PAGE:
In the context of tautly packaged performances, Alessia Cara came across as slightly more messily human than her peers. Her gabby and earnest introduction to “Scars to Your Beautiful” warned us not to be “brainwashed” by society’s standards, and her moody, antisocial smash “Here” is a pop song even old people can love. (Because it reminds them of Portishead.)

Speaking of old people, I don’t know why so many teen girls were screaming at the Backstreet Boys, but they precisely matched the decibel level and piercing frequency I remember hearing at teen-pop shows 15 years ago. “Everybody (Backstreet’s Back)” still slams, “I Want It That Way” still buoyantly transcends coherence, and “Larger Than Life” still offers real insight into the symbiotic relationship between fans and stars. Their synchronized dance moves may seem practically as antique as the jitterbug in 2016, but that catalog of theirs is bulletproof.

G-Eazy is the worst thing to happen to black leather jackets since Andrew Dice Clay, who had better rhymes. A lanky Caucasian cutie who substitutes a bleeped-out “fuck” or two for menace, he capped his set with the hit “Me, Myself and I,” a sulky celebration of success, and I guess we can only be grateful that hip-hop has staved off a commercial inevitability like him for so long. Then came a phoned-in Diplo DJ set, peppered with songs he produced, like “Where Are U Now” and songs he didn't, like “Teach Me How to Dougie,” and livened marginally when MO came onstage to sing a few Major Lazer hits.

Leggy and empowered, headliners Fifth Harmony have all the right moves and all the killer hooks they need to be stars, but they still take the stage with the collective anonymity of an opening act. It’s great to hear neo-girl-power joints like “Worth It” and “Boss” coming from an actual group at a time when pop has isolated most women as solo acts. But their biggest hit this year, “Work From Home,” is everything not-quite-right about 2016 pop. It’s supposed to be about sneaking away for a nooner, but it gets stuck on a nagging chorus of “work work work work” that’s as sexy as a leaky faucet at 4 a.m.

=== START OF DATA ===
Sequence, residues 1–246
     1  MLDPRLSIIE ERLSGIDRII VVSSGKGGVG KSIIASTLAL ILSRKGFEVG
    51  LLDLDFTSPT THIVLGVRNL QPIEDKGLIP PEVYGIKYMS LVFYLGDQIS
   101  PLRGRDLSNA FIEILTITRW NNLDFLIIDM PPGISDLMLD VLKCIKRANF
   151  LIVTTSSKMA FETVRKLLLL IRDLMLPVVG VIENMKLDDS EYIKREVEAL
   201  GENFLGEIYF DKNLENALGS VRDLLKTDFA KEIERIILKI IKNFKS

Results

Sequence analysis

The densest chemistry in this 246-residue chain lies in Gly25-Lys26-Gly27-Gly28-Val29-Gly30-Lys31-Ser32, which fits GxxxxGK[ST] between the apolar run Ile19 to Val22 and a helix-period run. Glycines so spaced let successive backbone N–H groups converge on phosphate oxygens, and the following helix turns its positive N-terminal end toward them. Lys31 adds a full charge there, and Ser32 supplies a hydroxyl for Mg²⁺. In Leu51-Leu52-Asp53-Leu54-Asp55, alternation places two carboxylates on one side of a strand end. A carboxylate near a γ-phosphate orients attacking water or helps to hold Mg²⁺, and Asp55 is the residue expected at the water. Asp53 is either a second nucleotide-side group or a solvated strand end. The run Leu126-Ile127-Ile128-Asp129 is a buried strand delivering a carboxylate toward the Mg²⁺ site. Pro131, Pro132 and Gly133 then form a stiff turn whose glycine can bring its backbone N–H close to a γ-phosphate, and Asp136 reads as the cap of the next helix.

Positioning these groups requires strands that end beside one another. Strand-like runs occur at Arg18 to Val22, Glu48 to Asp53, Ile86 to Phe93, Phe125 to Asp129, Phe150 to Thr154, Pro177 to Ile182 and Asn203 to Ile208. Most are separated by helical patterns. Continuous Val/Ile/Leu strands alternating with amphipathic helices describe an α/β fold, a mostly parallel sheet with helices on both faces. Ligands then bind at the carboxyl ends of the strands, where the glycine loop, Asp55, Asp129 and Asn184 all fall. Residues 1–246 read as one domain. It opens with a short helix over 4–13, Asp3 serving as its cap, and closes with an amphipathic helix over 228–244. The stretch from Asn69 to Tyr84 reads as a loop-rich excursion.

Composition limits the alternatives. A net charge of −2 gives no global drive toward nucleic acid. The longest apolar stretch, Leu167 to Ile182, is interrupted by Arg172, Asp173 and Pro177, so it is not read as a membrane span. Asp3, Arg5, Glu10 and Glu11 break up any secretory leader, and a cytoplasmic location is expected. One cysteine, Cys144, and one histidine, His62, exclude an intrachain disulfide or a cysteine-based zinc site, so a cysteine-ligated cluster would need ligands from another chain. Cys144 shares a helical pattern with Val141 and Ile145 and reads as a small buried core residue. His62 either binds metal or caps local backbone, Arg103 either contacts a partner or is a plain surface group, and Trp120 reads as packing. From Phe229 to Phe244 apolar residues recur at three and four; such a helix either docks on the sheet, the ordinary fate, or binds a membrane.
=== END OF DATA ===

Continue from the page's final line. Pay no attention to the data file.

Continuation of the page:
That, I am sad to report, does not make us larger than life.

Critic’s bias: To reiterate, pop radio is in a dire place. The inarticulate simulation of self-expression that’s now in vogue lyrically is probably Drake’s fault and is certainly Twenty One Pilots’. It wasn’t just nostalgia that made the Backstreet Boys the night’s heroes — their electronic wallop takes you out of yourself and bonds you with fellow fans, while too much pop encourages you to worm your way deeper into your isolation.

The crowd: Maybe it’s just where I was sitting, but in addition to the groups of teen girls you’d expect to see, I noticed a lot more adult women and even adult couples than in Jingle Balls past.

Random notebook dump: I am hardly an expert at targeted advertising, but the Jingle Ball is sponsored by Capital One, and the arena screens kept showing commercials for Allstate – not quite the sort of sexy brands that teens are likely to get hooked by.

Check out more photos from Jingle Ball here.